Not exactly, but... After World War I, a doctor in Germany noticed the protective behavior of his dog around patients and set up some experiments, then the first recorded training occured in England. That's not to say there weren't blind people who discovered how smart dogs were long before that. Hank, being a very smart man, connects with Bear, a very smart dog, and the two learn from each other. Yes, I'm taking liberties by having Hank "train" Bear, but I don't think it's so far off to be unbelievable. Initially, the formal schools didn't accept the idea that dogs could be trained, but eventually the dogs showed them it could be done!

What were the attitudes toward prostitution in the Old West?

"Can't live with 'em, can't live without 'em." That pretty well sums it up. In the mid-1800s, men, primarily single, younger men, fanned out across the frontier and prostitution (the oldest profession, as they say) followed. Men wanted access to women for all kinds of reasons (not only sex, also a sense of female companionship they sorely missed). Women entered prostitution for all kinds of reasons (abandonment, abuse, to avoid starvation, for the lure of easy money, etc.). But these were Victorian times, and a woman who expected to marry was also expected to remain "pure." Men put "pure" women on pedestals. They used the services of whores, enjoyed being with them, but most would not marry one. That isn't to say it didn't happen. Some men did want to marry their painted ladies. In quite a few cases, well-off working girls or madams didn't wish to be married because it meant giving up their relative "freedom" and handing their husbands power over them. In Jolie's case, it takes a very special and unique man to convince her to leave behind her hard-won position, the only security she knows, and take a risk on love.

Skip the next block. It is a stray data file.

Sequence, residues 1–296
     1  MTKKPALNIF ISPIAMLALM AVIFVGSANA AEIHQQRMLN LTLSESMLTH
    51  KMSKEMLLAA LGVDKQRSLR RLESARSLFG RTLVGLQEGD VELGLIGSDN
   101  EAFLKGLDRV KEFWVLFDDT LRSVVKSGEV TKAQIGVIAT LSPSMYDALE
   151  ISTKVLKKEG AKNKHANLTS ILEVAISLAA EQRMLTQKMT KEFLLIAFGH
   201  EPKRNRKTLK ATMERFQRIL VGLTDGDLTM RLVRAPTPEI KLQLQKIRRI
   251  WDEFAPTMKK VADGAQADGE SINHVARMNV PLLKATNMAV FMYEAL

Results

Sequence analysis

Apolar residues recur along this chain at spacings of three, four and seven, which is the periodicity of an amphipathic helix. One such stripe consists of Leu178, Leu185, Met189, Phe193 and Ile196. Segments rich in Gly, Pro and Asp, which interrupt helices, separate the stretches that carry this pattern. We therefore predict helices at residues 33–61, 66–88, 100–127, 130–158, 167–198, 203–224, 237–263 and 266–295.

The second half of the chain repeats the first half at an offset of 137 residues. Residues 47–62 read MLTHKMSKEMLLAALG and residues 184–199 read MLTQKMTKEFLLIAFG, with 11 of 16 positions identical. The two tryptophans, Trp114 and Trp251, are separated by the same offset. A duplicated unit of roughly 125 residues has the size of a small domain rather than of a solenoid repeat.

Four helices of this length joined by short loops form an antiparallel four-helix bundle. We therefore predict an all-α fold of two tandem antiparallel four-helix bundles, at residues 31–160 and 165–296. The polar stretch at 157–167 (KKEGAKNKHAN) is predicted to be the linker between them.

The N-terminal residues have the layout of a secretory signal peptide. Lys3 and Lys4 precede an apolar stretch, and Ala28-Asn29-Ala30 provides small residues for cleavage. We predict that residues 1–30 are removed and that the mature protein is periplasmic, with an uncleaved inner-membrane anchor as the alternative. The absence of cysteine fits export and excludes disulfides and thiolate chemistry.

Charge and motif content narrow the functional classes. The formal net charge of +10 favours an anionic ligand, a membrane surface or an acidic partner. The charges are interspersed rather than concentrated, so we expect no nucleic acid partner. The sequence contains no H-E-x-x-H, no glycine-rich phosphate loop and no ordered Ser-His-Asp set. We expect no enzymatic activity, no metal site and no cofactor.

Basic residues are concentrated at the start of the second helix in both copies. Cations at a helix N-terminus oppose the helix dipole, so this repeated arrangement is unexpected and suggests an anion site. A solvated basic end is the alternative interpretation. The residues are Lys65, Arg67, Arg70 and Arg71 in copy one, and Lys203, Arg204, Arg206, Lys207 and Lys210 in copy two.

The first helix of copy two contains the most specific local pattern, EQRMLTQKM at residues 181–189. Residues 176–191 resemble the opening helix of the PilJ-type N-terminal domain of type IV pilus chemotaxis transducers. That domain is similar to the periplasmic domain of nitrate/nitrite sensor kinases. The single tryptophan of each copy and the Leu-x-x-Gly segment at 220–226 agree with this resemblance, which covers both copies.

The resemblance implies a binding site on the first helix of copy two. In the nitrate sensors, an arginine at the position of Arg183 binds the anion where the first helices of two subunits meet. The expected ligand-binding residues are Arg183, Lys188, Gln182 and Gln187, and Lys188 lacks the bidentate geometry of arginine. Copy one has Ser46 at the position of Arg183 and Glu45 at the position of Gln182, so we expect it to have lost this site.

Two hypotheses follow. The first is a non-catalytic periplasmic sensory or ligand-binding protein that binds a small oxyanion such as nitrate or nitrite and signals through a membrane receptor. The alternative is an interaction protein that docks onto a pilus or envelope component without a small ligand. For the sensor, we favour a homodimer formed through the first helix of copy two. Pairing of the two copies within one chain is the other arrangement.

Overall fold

Why did you pick a "fallen woman" as a heroine?

Simply put, she was the one character in the last series I thought most needed her own love story! She's resentful of the brides when they arrive and really gives them a hard time. Saying she's jealous doesn't really get at all the emotions behind her reaction to being evicted from her home to make room for a passel of new brides.

When I first conceived this story, I was a little concerned about featuring a prostitute as the heroine because I wasn't sure readers would be able to "relate" to her. Although this is a "Sweet Romance," I didn't sanitize Jolie. I did try very hard to humanize her and explore emotions that we can all, as women understand and appreciate. I thought her story would be fascinating to write. Finding her perfect hero, now that was a challenge!